The inventory management phase requires updating and standardizing the current medical equipment inventory at the national and regional levels through an appropriately linked digital system. An adequate system of inventory management, following the three stages of initial data collection, information update, and annual audit/review, also should be followed. Risk assessment inclusion criteria, using algorithms and models such as Wang's collective risk management model,13 should be adapted and followed.14 

The “golden rule” approach can be considered for assessing overall asset status in terms of age, as the current inventory list assumes a five-year lifetime for MEHT.15 Although the golden rule method is overly simplistic, it provides an initial approach to assess asset status for replacement planning. From this initial assessment, considerations such as equipment usage, reliability, availability of backups, and availability of replacement parts, will allow for more objective replacement planning. Equipment that is aged up to five years reflects the current state of technology and offers opportunities for economically reasonable upgrade measures. Equipment aged between six and 10 years is still fit for use but requires replacement strategies to be developed. Equipment older than 10 years is no longer state of the art, meaning that replacement is essential.15 From these rules and the experience of studies into the age profile of medical equipment, a set of golden rules should be used as a guideline for investment policies and budget allocation (but not purchases).

To ensure the safe and effective functioning of medical equipment, an equipment spare parts inventory should be implemented. This process also could be useful in estimating the annual maintenance costs of the medical equipment stock. The main inventory should be further defined by cataloging other inventories (e.g., workshop tools and test equipment inventory, industrial and hospital equipment items inventory, safety equipment inventory, radioactive and hazardous materials, waste). The medical equipment inventory also should be used in forecasting and developing budgets, planning and equipping technical workshops, determining required staffing, identifying training needs, managing service contracts, planning for spare parts and consumables, developing replacement and disposal policies and goals, developing purchasing goals, planning for disasters and emergencies, performing risk analysis, determining management and mitigation, and helping to identify potential benefits in standardizing equipment.14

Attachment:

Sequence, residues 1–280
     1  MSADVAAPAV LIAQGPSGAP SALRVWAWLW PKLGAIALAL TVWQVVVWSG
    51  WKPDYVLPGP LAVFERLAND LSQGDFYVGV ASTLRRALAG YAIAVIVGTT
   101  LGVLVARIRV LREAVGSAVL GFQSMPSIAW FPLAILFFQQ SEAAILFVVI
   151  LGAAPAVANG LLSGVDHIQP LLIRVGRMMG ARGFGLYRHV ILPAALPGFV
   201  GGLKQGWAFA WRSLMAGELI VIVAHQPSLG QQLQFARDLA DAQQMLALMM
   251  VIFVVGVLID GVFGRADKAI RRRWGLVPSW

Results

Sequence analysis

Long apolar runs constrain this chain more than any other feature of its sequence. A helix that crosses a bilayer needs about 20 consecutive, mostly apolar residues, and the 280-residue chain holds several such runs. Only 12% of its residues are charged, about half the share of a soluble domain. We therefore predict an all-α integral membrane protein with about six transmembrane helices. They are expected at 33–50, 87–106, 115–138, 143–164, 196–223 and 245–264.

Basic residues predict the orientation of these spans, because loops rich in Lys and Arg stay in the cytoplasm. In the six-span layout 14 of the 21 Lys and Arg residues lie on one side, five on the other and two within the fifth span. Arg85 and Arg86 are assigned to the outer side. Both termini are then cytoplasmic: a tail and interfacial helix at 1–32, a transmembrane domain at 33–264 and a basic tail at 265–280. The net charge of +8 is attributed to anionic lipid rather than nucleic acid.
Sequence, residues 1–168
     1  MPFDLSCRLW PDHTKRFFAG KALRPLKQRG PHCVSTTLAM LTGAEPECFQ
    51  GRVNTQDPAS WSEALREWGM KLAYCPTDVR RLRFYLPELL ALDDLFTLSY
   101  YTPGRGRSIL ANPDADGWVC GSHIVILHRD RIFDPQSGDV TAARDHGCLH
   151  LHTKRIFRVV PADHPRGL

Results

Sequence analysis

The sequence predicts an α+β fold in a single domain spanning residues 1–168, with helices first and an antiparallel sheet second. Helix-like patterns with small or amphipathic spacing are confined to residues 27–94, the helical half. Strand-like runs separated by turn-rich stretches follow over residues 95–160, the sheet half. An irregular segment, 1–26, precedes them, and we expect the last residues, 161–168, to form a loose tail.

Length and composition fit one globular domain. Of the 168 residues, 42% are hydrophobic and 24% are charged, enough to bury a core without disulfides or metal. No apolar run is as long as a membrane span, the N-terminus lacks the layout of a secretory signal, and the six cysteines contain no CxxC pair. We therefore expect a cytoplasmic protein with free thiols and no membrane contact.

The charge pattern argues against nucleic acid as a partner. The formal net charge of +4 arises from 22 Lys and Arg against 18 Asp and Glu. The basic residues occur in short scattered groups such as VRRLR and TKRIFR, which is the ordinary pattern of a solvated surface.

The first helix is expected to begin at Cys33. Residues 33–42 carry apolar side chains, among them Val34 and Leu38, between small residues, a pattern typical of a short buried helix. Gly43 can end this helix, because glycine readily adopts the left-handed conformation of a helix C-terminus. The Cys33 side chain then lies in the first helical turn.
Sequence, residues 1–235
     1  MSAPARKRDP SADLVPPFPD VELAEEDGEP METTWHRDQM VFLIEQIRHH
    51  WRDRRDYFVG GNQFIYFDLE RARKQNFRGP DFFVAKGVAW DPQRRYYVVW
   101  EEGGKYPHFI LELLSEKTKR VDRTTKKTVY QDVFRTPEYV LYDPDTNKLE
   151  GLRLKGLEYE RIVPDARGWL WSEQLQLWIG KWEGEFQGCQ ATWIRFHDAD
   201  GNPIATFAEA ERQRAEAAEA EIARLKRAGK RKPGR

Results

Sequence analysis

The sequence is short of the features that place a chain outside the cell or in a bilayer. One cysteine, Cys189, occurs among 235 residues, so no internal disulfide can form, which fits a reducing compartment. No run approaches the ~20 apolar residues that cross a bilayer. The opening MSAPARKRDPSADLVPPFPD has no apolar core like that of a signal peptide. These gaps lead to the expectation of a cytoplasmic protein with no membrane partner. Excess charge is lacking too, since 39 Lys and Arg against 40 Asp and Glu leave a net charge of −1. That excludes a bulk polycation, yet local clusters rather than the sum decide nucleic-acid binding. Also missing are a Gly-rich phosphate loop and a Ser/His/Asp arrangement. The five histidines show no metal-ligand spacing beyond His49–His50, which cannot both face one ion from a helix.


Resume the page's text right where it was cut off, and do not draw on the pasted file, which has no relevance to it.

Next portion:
An effective medical equipment maintenance program consists of three main elements.16 First, the Ministry of Health must identify the medical devices that need to be included in the maintenance program. This planning should consider providing autonomy to large hospitals to enable them to plan and implement their maintenance programs.16 Second, appropriate management for the maintenance program must be achieved through effective financial management,16 personnel management,17 operational management, performance monitoring, and performance improvement.16 In addition to the performance of maintenance activities, the safety and reliability of the maintenance program must be evaluated to ensure its success. Third, proper implementation of the maintenance program by the Ministry of Health is critical to ensuring optimal equipment functionality. This involves using pre-established procedures for equipment maintenance and inspection and preventive maintenance activities.17 

In addition to the performance of maintenance activities, the safety and reliability of the maintenance program must be evaluated to ensure its success.

The process of decommissioning equipment when it is no longer safe or useful should focus on clinical considerations, type of equipment, quality, safety, reliability, repair cost, and life expectancy.18 As appropriate, redistributing equipment to areas of lower demand may be a means of reducing capital investment need.

Developing a Financing System

Effective financial management is essential to proper MEHT management.19,20 To achieve this objective, healthcare technology needs should be prioritized based on the available budget. The operational plan must consider the financial resources required for implementation of MEHT at the national and regional levels and those required for equipment management activities. Effective budgeting as a financial planning tool is needed to ensure accurate forecasts of expenditures during operational activities (both direct and indirect operational expenditures).21–23